Paolo described the great effect of St. Francis’ and St. Claire’s teachings as emphasizing the humanity of Christ to make him more accessible to the vast majority of believers. One example is the Franciscan Crucifix which was a distinct departure from previous designs to emphasize Christ as man.
The story of Giovanni di Pietro di Bernardone, St. Francis, is way too much to cover here. Along with Catherine of Siena (we’ll get to her in a few days), he is considered the Patron Saint of Italy. His Feast day was last week and I’m certain Assisi was quite a buzz of activity on that day. He was a traveling preacher who focused on simplicity, poverty, and the Word of God. Francis’ calling came in the form of a vision in which the Icon of Christ Crucified told him, “Francis, Francis, go and repair my church, which as you can see, is falling into ruins.”
The Basilica of San Francesco was another beautiful work of white/pink limestone and white-washed brick, consecrated in 1253 – thirty years after the death of Francis. Below the upper church is a lower church with the crypt of St. Francis below that. The Upper Church is one of the earliest examples of Gothic architecture in Italy and holds the story of St. Francis told in frescoes painted by Cimabue, Giotto, Cavallini. The lower church is Romanesque. From above or below, the Basilica is absolutely beautiful.
Assisi on Foot
We moved about this city of about 28,000 people, winding our way up and down roads, stairs, and ramp ways. The tomb of Carlo Acutis was around the corner from the Basilica of St. Clare – as was Francis’ place of birth and boyhood home. Young Carlo is on full display, perfectly intact and wearing the clothing of a fourteen year old from 2006. The city began filling up as the celebration would begin in the evening.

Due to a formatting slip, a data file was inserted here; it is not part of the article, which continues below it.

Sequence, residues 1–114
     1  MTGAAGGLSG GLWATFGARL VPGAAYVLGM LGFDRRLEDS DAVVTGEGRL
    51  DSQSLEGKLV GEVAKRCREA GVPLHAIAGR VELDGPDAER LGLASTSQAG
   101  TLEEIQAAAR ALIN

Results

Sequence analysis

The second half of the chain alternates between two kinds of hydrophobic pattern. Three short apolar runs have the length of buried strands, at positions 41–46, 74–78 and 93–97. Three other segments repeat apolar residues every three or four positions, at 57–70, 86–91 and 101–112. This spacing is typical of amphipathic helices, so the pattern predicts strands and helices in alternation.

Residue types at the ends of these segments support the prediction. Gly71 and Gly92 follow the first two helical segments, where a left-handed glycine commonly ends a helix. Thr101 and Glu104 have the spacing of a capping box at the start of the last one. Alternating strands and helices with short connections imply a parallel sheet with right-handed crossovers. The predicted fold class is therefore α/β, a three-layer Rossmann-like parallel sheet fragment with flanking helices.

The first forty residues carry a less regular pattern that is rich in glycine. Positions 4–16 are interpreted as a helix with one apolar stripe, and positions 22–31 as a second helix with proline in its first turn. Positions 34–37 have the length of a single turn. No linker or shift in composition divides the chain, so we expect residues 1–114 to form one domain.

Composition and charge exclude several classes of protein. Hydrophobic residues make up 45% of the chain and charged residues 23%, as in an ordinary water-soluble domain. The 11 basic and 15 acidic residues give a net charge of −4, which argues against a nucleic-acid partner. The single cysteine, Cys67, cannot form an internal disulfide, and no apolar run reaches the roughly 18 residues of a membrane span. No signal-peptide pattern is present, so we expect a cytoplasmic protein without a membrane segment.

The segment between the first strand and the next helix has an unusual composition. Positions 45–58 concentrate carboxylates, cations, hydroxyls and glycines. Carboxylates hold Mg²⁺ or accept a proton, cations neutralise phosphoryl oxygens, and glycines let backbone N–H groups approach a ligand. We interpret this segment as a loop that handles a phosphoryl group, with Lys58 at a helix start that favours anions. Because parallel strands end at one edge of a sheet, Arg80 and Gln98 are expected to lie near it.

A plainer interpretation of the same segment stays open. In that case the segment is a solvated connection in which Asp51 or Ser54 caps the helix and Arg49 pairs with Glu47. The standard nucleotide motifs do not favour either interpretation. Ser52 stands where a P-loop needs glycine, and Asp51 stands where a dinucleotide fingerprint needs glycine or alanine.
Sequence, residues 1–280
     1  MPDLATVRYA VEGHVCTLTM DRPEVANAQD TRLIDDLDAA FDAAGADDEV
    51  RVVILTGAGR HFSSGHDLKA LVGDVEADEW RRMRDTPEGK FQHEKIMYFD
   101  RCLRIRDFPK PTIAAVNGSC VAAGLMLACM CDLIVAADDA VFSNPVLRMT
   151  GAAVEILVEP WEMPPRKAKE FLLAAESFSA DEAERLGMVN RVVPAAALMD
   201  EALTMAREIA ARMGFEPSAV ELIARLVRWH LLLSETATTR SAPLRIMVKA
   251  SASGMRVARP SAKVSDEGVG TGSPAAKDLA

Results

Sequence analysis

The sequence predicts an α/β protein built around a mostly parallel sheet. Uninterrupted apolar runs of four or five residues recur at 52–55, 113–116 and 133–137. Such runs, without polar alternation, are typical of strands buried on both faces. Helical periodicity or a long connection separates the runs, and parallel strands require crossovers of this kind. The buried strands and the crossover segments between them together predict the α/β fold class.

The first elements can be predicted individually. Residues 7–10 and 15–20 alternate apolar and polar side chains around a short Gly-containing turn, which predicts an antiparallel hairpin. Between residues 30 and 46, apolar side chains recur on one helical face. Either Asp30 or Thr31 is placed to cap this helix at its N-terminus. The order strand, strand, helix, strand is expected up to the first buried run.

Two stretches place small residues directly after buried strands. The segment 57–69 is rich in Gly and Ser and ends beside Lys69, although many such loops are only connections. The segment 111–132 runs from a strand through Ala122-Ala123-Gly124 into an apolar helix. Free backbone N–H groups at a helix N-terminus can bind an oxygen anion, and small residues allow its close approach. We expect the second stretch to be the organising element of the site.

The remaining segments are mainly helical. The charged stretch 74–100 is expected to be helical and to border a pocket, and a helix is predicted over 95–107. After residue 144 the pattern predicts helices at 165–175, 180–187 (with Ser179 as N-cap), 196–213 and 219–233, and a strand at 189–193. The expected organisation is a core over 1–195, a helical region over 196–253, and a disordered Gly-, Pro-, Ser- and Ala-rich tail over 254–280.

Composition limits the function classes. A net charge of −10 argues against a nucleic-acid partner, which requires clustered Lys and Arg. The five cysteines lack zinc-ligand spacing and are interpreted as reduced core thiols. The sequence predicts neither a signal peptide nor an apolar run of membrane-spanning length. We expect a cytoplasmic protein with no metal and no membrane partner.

We ate lunch on a terrace over the main square of the city – it was bustling. Rabbit nuggets and chips was a special and quite good with a honey-mustard type sauce. Moving along the streets after lunch, we visited a few of the shops and made our way back toward the upper parking lot.
The city itself reminded me a bit of Minas Tirith from Return of the King. The white-washed walls, clean, symmetrical streets, and stairways leading up and down to mysterious places, gave it such a feel of the mystical and fantastical. Dad and I decided to trek up to Rocco Maggiore, the “big fort” or castle sitting at the very top. A place of refuge for the city’s residents in times of trouble in the 12th and 13th centuries – primarily from Perugian forces opposing them from across the valley.
The castle afforded a complete view of the surrounding valley and we were able to see Mom and Sally at a small bar down below (once we had oriented ourselves). Relative to the rest of Assisi, the castle was rough hewn, with uneven floors and stairs, including a winding stair running the vertical length of the main tower. Small doorways and narrow passages forced us to duck and nearly crawl to move between some rooms. I thought of the joy my grandchildren would have running around it – and the puckering my 6’7” son-in-law would endure trying to squeeze through its passages as he chased them.
Dinner was casual last night. Aurora told us the 30cm pizza was for two people and that we’d need a 50cm. Looking over at the table next to us, I asked, “What size is that?” “30cm,” she answered. “Aurora,” I countered, “How much pizza would you eat?” She smiled sheepishly and shrugged. There was no way they were eating an 11 inch pizza – it must have been 12 inches wide but it was about 19 inches long. We were stuffed with a “30cm” pizza.
I’ve been alone for several hours now. The dark, quiet of the morning is gone, but the calm remains and I begin to see the choice as we move toward the escalating energy of bigger cities, more people, and the urge to see it all. We have a couple of days in the Chianti region, including a total “down” day tomorrow. Then Florence, Venice, Milan, and Rome. Finally, I begin to see that “seeing” is only the first part of the experience, and the opportunity, in these special places.
Taking a deep breath this morning, I pray for patience and an open heart that I might see fully in the moments and be able to carry pieces back with me for deeper discernment. In this way, I might find what needs to be found and leave what is unnecessary.